I’ve been sleeping in a tent for the last eight or nine days. Now staying at a friend’s house in Phoenix. To recap some of my experiences …
For seven or eight days, with a couple of breaks in between, I had been using a small patch of desert just south of Joshua Tree National Park as my home base. Here is dawn over the desert on my last morning.
A couple of hours later, just minutes into my drive, I was into Box Canyon, in the California Badlands, which soon opened up into the Salton Sea, in the Imperial Valley, 80 or so miles east east of San Diego.
You are looking at the lowest elevation beachfront property in North America, 200 feet below sea level, about the same depth as Death Valley, though considerably higher then the Dead Sea. Back in the early twenties, an engineering mishap resulted in Colorado River water filling up the 15 by 35 mile basin. The Sea remains topped up by three streams running off from the nearby mountains.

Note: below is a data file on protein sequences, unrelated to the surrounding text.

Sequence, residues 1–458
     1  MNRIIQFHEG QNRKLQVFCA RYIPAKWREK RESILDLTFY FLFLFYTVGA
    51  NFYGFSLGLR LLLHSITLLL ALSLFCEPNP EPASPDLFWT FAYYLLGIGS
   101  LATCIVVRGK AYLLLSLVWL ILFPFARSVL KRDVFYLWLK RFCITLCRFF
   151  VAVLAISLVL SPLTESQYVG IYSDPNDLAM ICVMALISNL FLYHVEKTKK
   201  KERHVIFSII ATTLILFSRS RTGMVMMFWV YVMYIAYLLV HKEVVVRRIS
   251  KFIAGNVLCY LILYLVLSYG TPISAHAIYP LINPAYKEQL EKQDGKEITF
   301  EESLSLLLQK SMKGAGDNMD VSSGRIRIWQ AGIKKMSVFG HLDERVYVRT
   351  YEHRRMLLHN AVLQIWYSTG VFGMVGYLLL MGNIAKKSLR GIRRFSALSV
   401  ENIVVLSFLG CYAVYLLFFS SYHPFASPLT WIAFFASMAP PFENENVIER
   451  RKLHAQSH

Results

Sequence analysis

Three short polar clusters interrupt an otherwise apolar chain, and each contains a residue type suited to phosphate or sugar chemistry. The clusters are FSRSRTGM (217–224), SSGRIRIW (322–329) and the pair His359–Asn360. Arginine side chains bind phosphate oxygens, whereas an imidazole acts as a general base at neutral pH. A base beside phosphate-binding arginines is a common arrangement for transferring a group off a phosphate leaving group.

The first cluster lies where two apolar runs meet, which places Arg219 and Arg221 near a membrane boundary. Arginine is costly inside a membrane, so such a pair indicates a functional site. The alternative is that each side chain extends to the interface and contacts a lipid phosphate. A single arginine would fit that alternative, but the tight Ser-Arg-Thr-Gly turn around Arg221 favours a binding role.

During the 50s and 60s, the popular resort towns sprung up along the shore, frequented by the likes of the Beach Boys and Sonny Bono. But dust to dust. Water levels dropped, algae blooms erupted, and the water grew more saline. The air gave off a deathly stink. Human life exists, but with a certain post-Apocalypse, Mad Max ambiance. Here’s my car, parked in Bombay, literally sinking below the surface, on the eastern shore. The good news – rents are cheap.
And here’s a sign that explains it all …
As for the Salton Sea, receding water levels have exposed large briny tracts of former sea bottom, not to mention fish graveyards. The increasing salinity of the water (saltier than the Pacific) has killed off all but the most hardy fish, and they, too, will go, along with the birds that feed on them. Getting to the water involved tiptoeing through rings of dead fish, their carcasses oddly preserved by the salt.
Like any ecological disaster, there are lessons to be learned. It just may not be our species that learns them.